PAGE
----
This is one I found that I thought well suited, not only for burial of the boys but is
large and may be etched or even diamond etched (for pictures) The wall
extends back at least nine feet with I believe 9-10 feet in the front.

Add a few stone benches and lighting and this would be a beautiful memorial for
the boys with their remains inside and your choice of words and pictures. I have
seen mausoleums like this over 200 years old and if kept up as good as the day
they were erected.

I have found a monument & mausoleum builder out of Memphis Tennessee. The
company is West Memorials and they have a wide range of buildings in granite
that are made to withstand time, they use the best materials and can do etching
in words, etching even pictures, anything we would want to do on the sides of
the building could be done. Here is just a small example that we talked about,
the price would be $150,000 to $300,000 and depending on what we want. This
is actually less than if we purchase a standing headstone for say 48 boys. I will
send you his presentation as soon as he puts it together. Here is a small
building 8' High probably 12' back to front:

http://westmemorials.com/MAUSOLEUMS/Wilkerson

Since we are interring remains in something the size of a shoe box, this looks
pretty good to me. Front etching/picture....sides with pictures (in frame or
engraved)

http://www.westmemorials.com/MAUSOLEUMS

http://www.westmemorials.com/monuments-and-headstones

Monuments are much different: go to "category" and look at the different types.
This may also give you ideas for the mausoleum.
If Florida and the Cabinet members want to create something worthy of a
story read by 1.18 billion people all over the world then create something
beautiful, that, in Mr West's words, includes art, education, inspiration,
contemplation, and closure.

The completion of the Memorial and calling a press conference for the
Memorial Ceremony will go around the world once more.

What the Florida Cabinet will do is show the world that corporal
punishment and the ill treatment of juveniles only compounds the
problems. Using violence for any inmate, especially juveniles only instills
hatred and rage that will be taken out on their wives to be and their
children. Many of the abused become abusers themselves.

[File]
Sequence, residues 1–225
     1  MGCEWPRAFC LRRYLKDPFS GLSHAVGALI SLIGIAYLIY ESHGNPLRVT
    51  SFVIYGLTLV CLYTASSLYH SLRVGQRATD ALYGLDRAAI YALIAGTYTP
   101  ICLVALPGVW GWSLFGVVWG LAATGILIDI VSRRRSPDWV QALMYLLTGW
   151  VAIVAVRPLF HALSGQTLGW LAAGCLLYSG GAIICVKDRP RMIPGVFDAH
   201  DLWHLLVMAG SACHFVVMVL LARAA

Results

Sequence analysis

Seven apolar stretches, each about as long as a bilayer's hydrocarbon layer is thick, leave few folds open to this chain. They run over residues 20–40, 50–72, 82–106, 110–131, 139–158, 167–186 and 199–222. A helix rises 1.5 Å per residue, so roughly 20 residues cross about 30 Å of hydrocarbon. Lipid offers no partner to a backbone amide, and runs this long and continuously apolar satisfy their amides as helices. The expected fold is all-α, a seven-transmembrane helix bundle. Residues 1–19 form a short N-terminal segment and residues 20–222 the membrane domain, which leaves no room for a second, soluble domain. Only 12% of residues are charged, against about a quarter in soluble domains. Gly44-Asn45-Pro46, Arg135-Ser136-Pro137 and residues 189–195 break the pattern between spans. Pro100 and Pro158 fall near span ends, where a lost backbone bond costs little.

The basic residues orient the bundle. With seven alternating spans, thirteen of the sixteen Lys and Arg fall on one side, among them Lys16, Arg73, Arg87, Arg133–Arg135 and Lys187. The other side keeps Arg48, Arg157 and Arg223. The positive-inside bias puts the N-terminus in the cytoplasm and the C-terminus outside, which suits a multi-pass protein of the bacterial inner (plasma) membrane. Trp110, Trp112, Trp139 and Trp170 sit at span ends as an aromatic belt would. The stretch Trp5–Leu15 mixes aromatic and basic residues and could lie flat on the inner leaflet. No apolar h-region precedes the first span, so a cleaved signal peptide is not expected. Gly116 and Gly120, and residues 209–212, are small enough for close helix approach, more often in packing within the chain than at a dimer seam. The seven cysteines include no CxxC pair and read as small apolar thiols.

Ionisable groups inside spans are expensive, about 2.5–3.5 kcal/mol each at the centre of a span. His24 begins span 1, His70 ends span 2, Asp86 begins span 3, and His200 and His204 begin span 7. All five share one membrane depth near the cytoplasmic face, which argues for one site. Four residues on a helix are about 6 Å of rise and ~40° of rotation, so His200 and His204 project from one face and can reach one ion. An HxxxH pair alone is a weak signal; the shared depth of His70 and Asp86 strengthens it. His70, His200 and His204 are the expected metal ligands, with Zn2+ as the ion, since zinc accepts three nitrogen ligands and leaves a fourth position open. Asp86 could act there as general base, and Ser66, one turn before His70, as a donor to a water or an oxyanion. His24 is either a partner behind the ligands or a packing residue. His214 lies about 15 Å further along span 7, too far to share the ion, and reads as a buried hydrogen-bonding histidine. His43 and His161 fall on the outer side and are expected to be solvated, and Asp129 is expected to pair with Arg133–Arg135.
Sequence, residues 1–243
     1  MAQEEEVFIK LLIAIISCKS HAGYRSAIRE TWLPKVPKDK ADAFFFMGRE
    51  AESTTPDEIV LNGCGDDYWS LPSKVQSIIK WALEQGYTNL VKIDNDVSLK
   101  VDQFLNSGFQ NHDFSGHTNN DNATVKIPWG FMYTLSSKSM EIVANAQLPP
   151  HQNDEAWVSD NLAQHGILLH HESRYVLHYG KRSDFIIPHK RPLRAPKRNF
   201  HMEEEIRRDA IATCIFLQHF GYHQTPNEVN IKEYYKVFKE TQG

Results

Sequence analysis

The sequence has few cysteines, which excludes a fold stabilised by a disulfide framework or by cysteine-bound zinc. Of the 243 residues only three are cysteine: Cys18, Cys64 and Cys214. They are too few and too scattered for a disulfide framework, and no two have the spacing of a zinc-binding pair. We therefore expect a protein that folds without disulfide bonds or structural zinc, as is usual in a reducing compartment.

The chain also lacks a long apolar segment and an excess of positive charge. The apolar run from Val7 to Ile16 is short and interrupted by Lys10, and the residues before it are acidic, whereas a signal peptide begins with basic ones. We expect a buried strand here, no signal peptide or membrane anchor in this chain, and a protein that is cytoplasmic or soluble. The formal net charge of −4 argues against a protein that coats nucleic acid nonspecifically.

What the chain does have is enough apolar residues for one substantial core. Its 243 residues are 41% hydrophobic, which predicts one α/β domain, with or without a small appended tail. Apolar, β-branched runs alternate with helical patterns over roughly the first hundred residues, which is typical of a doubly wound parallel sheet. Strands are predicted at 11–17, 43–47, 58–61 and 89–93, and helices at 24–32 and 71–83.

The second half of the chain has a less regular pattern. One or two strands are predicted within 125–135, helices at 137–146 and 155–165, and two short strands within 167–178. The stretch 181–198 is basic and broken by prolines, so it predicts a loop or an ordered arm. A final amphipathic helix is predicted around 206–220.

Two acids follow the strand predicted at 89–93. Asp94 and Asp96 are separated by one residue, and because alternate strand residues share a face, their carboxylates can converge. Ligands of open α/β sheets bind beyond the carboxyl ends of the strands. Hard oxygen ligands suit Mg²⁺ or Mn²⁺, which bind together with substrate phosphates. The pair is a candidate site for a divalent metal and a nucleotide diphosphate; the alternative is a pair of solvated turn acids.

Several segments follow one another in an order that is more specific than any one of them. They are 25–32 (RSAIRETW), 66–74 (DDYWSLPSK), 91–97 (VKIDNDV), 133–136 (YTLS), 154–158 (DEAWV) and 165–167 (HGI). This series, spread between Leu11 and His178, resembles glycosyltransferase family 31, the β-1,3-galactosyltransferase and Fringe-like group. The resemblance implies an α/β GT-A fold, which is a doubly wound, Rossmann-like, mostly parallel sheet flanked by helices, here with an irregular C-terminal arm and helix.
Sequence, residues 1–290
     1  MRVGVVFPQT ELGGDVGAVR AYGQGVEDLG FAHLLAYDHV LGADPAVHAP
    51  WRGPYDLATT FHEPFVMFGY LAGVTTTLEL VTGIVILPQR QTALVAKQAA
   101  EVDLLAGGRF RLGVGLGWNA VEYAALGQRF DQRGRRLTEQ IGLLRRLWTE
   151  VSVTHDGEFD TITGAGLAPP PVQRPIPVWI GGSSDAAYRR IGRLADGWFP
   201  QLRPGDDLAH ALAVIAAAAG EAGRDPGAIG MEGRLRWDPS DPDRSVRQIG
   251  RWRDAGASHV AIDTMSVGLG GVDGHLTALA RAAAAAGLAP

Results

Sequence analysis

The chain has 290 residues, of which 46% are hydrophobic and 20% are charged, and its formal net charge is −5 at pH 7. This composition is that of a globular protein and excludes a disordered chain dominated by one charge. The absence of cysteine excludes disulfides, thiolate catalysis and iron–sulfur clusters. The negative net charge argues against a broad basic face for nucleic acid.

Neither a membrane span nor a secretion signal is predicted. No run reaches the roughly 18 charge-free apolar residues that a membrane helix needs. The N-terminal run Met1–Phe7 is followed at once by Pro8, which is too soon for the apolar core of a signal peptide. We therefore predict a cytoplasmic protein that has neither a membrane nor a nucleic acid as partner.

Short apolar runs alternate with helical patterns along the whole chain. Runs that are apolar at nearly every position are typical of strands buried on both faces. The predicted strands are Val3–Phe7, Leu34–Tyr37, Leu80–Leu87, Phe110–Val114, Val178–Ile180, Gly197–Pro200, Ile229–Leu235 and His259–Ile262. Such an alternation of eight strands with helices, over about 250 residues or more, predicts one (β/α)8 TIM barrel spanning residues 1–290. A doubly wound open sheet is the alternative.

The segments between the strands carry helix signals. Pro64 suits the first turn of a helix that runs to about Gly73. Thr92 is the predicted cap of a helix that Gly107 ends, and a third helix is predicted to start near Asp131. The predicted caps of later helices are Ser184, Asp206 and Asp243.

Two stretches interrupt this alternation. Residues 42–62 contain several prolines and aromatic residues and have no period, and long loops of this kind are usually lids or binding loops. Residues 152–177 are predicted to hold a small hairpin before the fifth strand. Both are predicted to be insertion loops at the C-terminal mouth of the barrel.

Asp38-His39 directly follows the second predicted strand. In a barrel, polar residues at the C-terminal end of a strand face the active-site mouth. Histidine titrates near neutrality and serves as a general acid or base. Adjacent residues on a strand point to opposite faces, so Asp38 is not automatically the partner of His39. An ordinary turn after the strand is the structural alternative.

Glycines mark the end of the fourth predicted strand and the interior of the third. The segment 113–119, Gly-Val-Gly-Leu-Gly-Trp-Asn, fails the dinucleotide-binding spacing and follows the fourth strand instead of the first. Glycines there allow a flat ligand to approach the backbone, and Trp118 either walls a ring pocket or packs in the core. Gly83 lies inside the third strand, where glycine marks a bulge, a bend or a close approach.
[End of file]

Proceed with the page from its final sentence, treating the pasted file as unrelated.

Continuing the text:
There is a great force behind the Dozier story, why waste this world wide
attention when we could use it to create a better world for the juveniles in
Florida and, if possible, make Florida an example of a government that
finally said: “We will not tolerate bad behavior by the staff nor employees
of facilities from this moment on.”
ON LESSONS LEARNED FROM THIS STORY

Ben Montgomery


Two of the fundamental measures of civilized society is how we treat our children and how
we treat our dead and in this case it’s plain to me that we, collectively for 100-plus years,
have failed at those two primary obligations and this is why it’s come to a head finally.

Maybe we’ve struck a place in our progress where we’re ready to deal with stuff and make
amends. Most of us. Some are opposed to this. Some want to leave those dead boys in
the ground and leave questions unanswered or say that there are no questions and that
everyone died for no reason, nothing suspicious.

I think for many of us it’s time to make amends. There have been a lot of people who
came out of that place, a state-run institution that should have been governed, should
have been ran correctly, and turned to lives of crime.

In a more nuanced version men have come out and not known how to carry their
emotions, they have carried intense amounts of trauma and have caused other people
pain. In a way we all continue to inherit the trauma that came out of that place in terms of
crimes they have committed since they were released, in terms of hugs not given, love not
shared.

I think that’s the lesson: we cannot treat the least members of our society, the juvenile
delinquents, as they have been treated at this facility and we all should be vigilant to the
extreme about making sure that kind of thing isn’t happening anywhere in the state, in the
country, in the world. That’s a pretty tall order, but that’s the lesson



Senate Democratic Leader Arthenia Joyner (D-Tampa)
who wrote the new law summed it up.

“It rights the wrong of a system that not only tolerated these abuses, but looked the other
way year after year,” she said, a couple months ago. “We can’t change the sins of the
past. But, we can establish a reminder, so that they’re never repeated.”